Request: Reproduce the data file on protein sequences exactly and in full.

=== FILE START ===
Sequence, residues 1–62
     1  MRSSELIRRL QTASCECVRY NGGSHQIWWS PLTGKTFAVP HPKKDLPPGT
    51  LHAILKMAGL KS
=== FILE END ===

Sequence, residues 1–62
     1  MRSSELIRRL QTASCECVRY NGGSHQIWWS PLTGKTFAVP HPKKDLPPGT
    51  LHAILKMAGL KS